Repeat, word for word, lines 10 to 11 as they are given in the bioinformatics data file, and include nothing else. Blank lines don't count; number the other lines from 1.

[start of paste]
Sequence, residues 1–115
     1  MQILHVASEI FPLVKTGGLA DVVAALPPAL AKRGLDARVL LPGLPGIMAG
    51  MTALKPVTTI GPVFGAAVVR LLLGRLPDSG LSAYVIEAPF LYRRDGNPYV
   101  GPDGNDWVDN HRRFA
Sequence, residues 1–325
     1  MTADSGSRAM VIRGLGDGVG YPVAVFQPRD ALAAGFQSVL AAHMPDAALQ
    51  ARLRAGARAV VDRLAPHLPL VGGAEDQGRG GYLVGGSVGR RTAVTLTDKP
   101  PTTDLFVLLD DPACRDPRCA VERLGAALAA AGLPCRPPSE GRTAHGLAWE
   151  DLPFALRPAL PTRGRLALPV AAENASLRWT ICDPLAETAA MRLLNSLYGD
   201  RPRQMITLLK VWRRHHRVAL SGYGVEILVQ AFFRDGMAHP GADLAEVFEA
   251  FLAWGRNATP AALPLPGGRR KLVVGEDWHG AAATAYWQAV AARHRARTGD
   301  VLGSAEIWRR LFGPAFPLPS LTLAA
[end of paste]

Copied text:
   201  RPRQMITLLK VWRRHHRVAL SGYGVEILVQ AFFRDGMAHP GADLAEVFEA
   251  FLAWGRNATP AALPLPGGRR KLVVGEDWHG AAATAYWQAV AARHRARTGD